whether he had nerve enough to be first
to wear a atraw hat?" Washington Star.
At last the entire visible stock of lumber
had been used up.
"What'o the matter," asked the father of
a larga family, rwtth hstn the old wooden
bedstead plied up in the attics?"
Her was a practically exhaustless source
of supply that nobody had thought of, and
mankind eagerly adopted the suggestion and
ran up the price remorseless on laa paper
trust. Chicago rrtnune.
Soon, two dear old frlunds we'll welcome,
vet friends who are evar young,
Friends whose rare and wise condition.
have been shown in every tongue,
And who come about this season, Just aa
do the birda and flower.,
And who help to brighten up a many of
llfe'a dullest hours.
We are always glad to see them, and wo
greet them with a smile.
Though in it maybe twinkle. Just a srark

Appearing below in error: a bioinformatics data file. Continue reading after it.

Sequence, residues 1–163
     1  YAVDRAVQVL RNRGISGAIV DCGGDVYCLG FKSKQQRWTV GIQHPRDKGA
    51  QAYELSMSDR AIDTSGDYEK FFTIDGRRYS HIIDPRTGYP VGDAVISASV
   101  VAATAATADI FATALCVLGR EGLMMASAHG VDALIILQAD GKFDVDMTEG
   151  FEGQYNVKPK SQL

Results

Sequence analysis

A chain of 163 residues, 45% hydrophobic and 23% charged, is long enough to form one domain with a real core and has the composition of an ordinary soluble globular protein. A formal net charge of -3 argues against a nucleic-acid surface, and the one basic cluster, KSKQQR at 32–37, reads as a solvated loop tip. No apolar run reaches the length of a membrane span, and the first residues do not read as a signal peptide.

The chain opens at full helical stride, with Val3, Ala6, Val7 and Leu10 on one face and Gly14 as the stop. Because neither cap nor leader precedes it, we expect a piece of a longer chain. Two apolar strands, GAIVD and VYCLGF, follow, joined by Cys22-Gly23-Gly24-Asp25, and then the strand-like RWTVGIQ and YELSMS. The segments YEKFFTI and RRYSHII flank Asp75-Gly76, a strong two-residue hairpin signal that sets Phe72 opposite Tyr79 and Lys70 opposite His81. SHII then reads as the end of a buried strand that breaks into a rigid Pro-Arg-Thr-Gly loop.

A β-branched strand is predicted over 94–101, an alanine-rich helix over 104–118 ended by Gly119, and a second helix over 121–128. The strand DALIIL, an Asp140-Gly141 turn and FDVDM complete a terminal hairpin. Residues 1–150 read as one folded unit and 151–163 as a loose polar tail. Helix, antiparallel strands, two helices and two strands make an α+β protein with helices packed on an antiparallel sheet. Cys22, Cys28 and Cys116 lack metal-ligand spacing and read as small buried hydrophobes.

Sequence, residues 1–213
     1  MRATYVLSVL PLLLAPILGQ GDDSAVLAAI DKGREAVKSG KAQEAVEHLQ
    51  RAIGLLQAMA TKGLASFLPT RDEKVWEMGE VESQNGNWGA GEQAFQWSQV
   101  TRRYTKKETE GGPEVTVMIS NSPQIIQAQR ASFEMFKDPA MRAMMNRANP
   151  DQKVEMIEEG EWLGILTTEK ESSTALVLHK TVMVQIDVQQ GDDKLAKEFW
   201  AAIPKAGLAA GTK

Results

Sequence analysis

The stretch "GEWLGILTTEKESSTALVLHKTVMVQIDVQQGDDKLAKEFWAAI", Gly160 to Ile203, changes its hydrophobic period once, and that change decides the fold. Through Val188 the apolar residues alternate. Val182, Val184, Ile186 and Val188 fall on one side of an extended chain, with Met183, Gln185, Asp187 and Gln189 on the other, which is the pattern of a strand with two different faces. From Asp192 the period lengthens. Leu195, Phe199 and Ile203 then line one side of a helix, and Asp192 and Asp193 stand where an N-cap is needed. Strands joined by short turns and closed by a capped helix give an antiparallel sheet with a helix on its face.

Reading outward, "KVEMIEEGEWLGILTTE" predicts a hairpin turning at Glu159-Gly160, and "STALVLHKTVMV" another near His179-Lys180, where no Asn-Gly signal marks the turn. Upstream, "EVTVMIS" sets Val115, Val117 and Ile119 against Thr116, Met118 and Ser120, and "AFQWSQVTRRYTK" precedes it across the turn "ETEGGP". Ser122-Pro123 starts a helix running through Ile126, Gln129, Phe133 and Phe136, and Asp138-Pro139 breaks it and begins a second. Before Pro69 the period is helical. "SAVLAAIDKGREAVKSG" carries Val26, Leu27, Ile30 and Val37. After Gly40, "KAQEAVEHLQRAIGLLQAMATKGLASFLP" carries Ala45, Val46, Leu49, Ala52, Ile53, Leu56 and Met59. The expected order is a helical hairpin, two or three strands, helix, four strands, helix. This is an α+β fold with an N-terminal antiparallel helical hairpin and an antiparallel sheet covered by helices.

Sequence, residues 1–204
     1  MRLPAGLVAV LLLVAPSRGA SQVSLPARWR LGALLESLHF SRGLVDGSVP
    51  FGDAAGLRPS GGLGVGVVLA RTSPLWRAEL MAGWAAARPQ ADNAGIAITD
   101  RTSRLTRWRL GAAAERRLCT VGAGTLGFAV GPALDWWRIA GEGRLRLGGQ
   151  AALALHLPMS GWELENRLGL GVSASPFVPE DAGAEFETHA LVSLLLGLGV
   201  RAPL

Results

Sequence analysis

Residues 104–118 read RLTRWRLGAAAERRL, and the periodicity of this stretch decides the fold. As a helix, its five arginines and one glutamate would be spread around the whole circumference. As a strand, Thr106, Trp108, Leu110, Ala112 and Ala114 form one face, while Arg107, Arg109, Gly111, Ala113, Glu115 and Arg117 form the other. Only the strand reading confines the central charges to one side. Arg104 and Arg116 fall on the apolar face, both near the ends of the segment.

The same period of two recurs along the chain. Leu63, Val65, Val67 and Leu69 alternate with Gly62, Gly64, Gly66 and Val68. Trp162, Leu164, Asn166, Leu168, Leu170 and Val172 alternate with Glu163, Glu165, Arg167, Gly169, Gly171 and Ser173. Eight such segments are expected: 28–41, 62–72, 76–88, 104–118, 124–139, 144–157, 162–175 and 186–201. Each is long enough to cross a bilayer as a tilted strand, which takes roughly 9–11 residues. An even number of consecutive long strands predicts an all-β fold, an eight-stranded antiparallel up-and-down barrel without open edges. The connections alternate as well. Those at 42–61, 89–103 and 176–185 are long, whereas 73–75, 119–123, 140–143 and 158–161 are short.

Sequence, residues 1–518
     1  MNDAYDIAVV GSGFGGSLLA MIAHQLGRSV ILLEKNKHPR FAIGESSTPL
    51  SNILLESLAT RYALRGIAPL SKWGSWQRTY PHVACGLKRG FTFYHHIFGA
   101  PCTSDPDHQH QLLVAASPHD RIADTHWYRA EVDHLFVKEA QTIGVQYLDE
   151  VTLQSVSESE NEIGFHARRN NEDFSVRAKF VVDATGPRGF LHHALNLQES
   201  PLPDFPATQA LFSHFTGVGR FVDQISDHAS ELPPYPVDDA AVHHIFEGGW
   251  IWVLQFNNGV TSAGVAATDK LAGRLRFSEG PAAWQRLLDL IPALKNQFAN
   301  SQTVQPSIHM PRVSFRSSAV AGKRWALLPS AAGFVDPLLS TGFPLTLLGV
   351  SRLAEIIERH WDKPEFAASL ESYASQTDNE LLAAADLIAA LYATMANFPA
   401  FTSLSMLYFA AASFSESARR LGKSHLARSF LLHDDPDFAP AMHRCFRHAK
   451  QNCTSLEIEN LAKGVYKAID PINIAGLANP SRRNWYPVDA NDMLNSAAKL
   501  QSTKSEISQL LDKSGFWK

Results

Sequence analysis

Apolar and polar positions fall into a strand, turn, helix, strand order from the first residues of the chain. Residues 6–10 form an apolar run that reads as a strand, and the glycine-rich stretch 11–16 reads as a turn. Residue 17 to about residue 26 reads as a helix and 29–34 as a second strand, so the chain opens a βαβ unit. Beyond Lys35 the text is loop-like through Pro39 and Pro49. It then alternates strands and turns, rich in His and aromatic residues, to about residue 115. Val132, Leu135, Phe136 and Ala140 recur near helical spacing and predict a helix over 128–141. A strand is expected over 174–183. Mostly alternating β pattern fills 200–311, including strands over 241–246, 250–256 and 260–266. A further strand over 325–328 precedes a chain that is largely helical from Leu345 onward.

of harmless guile.
When we know how on the problem, of the
ege they will dilate,
They are the college orator, th fair girl
They know It all. God bles. 'em! a. wa
knew it all before,
When at their age we, too. wer full of
wisdom and of lore,
They're ready to fight battle, that th
world Is righting aim, -
To win them, to bring out all good and
crush out all tha 111.
The world has waited for them true, with. i
some impatient fuss i
Just aa when we were leaving school, we'
found It wait for us, ....
And listened with restful aw wiuie loudly
we did prate, '
When we were college graduate, or a fair
And now we alt and .mile with an Indul
gent pity's touch
At tho hoys and girls, who are so sure
they know so very much.
And yet we'd miss their earnestness, their
. eagerness to be
Borne use to struggler. In the tide of life's
hard human sea,
Their bright enthusiasms, their big plana
we'd miss them all.
For we remember our own pang, when wa
went to the wall
With our reforms but cheer them, now,
for really they aro great.
The handsome college orator and th fair
Han. WhlUMf ,tf ,
Nu4 iPrftl HarnlMt) fo
uriin iff Tlnt.il Naa aJ LI). .11
Hair h Salp P4 ft)
Ony Hair RMUftr lAftM 00
rio Cam) Pw4 Kim 4 TMU -,)